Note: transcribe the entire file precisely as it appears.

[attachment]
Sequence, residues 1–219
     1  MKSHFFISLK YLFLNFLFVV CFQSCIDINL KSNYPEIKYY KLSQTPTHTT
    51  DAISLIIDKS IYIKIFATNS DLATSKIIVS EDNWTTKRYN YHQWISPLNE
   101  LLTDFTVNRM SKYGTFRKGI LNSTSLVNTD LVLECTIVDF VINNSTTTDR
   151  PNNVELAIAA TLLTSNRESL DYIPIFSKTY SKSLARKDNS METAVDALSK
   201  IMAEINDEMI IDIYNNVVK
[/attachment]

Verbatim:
Sequence, residues 1–219
     1  MKSHFFISLK YLFLNFLFVV CFQSCIDINL KSNYPEIKYY KLSQTPTHTT
    51  DAISLIIDKS IYIKIFATNS DLATSKIIVS EDNWTTKRYN YHQWISPLNE
   101  LLTDFTVNRM SKYGTFRKGI LNSTSLVNTD LVLECTIVDF VINNSTTTDR
   151  PNNVELAIAA TLLTSNRESL DYIPIFSKTY SKSLARKDNS METAVDALSK
   201  IMAEINDEMI IDIYNNVVK